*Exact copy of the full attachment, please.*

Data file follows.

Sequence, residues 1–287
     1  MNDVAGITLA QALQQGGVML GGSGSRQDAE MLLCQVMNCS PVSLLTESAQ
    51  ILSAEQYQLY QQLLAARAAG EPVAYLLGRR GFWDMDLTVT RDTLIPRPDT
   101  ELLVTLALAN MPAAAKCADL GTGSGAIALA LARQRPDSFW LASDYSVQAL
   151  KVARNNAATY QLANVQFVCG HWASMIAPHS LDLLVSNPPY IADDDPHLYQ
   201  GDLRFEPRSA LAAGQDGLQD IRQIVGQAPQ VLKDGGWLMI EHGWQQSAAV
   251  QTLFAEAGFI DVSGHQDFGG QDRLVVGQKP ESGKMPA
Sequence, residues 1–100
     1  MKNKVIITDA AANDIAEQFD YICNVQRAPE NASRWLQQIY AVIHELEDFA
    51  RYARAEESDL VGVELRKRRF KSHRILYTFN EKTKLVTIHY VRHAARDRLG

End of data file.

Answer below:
Sequence, residues 1–287
     1  MNDVAGITLA QALQQGGVML GGSGSRQDAE MLLCQVMNCS PVSLLTESAQ
    51  ILSAEQYQLY QQLLAARAAG EPVAYLLGRR GFWDMDLTVT RDTLIPRPDT
   101  ELLVTLALAN MPAAAKCADL GTGSGAIALA LARQRPDSFW LASDYSVQAL
   151  KVARNNAATY QLANVQFVCG HWASMIAPHS LDLLVSNPPY IADDDPHLYQ
   201  GDLRFEPRSA LAAGQDGLQD IRQIVGQAPQ VLKDGGWLMI EHGWQQSAAV
   251  QTLFAEAGFI DVSGHQDFGG QDRLVVGQKP ESGKMPA
Sequence, residues 1–100
     1  MKNKVIITDA AANDIAEQFD YICNVQRAPE NASRWLQQIY AVIHELEDFA
    51  RYARAEESDL VGVELRKRRF KSHRILYTFN EKTKLVTIHY VRHAARDRLG